The Sound Stage in the Closet

What It Really Takes to Be an Audiobook Narrator

As we close out our December celebration of the Best Audiobooks of 2017, I wanted to share some of our winning narrators’ lesser-known skills and challenges.

Xe Sands
Xe Sands, photo by Charles Tarnowski

These are tidbits of information that enhance my admiration for their ability and occasional bravery. Such as not panicking when a spider lands on your hand while you’re trapped in a recording booth voicing a romantic scene. Xe Sands, who read Helen Rappaport’s CAUGHT IN THE REVOLUTION, is officially terrified of eight-legged creatures. Yet professional that she is, she didn’t react until she’d finished her sentence, exited the booth, and closed the door. That’s when she screamed her head off.

Kate Reading
Kate Reading, photo by Teresa Castracane

Kate Reading, who performed Sherry Thomas’s A CONSPIRACY IN BELGRAVIA, hasn’t been in a recording booth with a spider, but she has shared one with her husband, narrator Michael Kramer. “Firstly, Michael’s a big guy. He would heat that little box up. So annoying. And when we co-recorded THE WHEEL OF TIME series, it got ridiculous when the sections were just one or two pages. We had to play narrator relay.” Now they have his-and-her recording booths, and peace reigns.

Simon Vance
Simon Vance, photo courtesy of the narrator

Most folks know that Simon Vance, who recorded SOHO DEAD, was a BBC Radio newsreader in the 1980s. But did you know that, “because it was fun,” he drove a bus for a while after college? Or that this Englishman’s facility with Scandinavian accents began at age nineteen when Swedish and Finnish exchange students arrived in his hometown? “I wanted to be able to talk to them and maybe get a date.” His efforts at cross-cultural communication and possible romance didn’t get far, “But I know enough about the languages to be comfortable with the shape of the vowels and how to make them understandable.”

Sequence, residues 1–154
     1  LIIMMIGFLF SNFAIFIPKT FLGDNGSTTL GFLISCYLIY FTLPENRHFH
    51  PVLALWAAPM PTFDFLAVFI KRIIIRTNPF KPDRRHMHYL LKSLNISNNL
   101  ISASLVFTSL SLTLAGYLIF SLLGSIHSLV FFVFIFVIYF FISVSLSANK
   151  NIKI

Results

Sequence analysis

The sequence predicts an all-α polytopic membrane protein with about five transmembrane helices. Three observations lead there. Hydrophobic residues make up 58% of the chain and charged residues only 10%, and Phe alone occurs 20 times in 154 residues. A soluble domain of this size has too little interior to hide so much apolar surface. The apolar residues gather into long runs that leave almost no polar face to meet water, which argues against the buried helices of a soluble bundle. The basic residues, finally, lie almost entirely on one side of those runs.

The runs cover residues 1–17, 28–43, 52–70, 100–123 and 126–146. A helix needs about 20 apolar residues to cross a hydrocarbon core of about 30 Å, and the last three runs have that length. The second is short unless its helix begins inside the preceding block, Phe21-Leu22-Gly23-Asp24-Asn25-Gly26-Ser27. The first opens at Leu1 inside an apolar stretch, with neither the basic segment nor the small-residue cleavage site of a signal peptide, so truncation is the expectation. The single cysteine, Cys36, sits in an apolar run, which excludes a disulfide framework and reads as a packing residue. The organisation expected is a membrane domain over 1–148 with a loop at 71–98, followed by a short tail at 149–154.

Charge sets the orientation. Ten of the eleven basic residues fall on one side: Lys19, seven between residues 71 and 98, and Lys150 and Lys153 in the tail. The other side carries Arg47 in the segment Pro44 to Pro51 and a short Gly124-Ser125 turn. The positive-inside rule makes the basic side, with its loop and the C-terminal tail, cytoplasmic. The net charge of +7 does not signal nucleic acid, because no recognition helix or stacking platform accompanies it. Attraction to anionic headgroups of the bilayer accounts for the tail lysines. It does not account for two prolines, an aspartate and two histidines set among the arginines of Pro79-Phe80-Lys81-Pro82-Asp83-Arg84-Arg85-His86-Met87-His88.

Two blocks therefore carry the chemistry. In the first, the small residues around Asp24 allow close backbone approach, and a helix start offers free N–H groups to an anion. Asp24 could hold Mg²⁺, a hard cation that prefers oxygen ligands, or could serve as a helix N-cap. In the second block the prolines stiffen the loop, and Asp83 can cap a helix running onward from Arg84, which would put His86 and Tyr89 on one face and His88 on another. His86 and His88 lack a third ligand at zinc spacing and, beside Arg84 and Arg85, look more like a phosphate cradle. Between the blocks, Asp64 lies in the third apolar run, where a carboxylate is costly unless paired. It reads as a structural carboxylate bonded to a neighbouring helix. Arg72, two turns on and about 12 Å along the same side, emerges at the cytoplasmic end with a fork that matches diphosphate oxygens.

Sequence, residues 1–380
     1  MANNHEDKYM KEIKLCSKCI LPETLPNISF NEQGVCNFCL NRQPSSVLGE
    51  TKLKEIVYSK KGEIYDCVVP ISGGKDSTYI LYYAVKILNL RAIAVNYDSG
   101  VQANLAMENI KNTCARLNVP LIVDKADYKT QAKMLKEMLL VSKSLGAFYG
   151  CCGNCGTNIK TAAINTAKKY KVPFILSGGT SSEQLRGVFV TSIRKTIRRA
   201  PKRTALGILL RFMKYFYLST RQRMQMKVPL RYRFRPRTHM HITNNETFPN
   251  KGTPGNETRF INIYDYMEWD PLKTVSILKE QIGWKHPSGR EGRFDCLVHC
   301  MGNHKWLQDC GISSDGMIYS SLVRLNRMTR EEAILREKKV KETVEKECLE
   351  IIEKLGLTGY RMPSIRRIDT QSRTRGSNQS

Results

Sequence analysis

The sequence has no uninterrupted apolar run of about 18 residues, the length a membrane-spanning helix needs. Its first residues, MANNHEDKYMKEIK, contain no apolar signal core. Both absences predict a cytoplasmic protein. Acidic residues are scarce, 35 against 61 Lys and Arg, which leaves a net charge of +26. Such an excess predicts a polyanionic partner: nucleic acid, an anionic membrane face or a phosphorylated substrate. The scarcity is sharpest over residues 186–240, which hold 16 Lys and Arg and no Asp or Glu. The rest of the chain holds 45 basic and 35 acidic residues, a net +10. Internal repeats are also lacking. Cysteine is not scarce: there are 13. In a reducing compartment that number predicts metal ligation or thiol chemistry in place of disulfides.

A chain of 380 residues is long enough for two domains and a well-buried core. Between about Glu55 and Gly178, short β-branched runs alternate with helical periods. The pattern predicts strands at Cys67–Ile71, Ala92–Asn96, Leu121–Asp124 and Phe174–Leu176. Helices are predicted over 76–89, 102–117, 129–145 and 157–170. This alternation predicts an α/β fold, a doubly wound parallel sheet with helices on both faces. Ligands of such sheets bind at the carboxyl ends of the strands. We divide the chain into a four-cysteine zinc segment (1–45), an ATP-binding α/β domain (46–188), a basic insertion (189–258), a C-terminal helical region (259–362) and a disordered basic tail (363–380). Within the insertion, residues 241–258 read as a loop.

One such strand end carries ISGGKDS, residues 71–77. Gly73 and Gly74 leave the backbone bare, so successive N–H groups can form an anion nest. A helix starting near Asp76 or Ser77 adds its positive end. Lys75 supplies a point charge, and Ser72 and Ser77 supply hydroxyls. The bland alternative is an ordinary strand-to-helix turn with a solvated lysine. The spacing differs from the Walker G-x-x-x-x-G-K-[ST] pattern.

John Lee
John Lee, photo by Ed Krieger

And how about John Lee’s performance of Jo Nesbo’s THE THIRST? It features his well-known skill with characterization and accents, for which he prepares with a “system of codes and shorthand, odd notations about pitch, and where someone might be from if their place of origin is not mentioned.” Unfortunately, they make no sense to anyone but him, and he has such bad handwriting that he sometimes cannot decipher what he’s written. “I suppose I should always write in upper case,” he muses.

Robin Miles
Robin Miles, photo by Jordan Matter

Robin Miles (THE STONE SKY) makes as many on-script notations as John Lee, and swears that she can read her handwriting. This is good because she often does extra research, such as reviewing maps of the Napoleonic Wars for WOMEN IN BATTLE DRESS. On workdays, she hits the gym early and eats a good breakfast before recording in ninety-minute segments for about seven hours. Afterward? Forget resting the instrument. “I need to reclaim my own thoughts spoken in my own voice, so I’m quite the chatterbox at the end of the day.”

Dion Graham
Dion Graham, photo by Jo Anna Perrin

And then there’s Dion Graham, who performed TROMBONE SHORTY. He tries not to pre-plan. Instead, he says, “I swim around in the books and like to let them swim around in me so that, when it’s time to narrate, I can be free to jump off the cliff and see where we fly, riding the currents of great writing.”

Thank you to all of them, swimmers, super-preparers, and every other narrator who gets into that recording booth, spider or not, to perform magic on our behalf.

Author and audiobook fanatic, Aurelia often falls asleep at night with earbuds still attached. She can also be found at www.aureliacscott.com.

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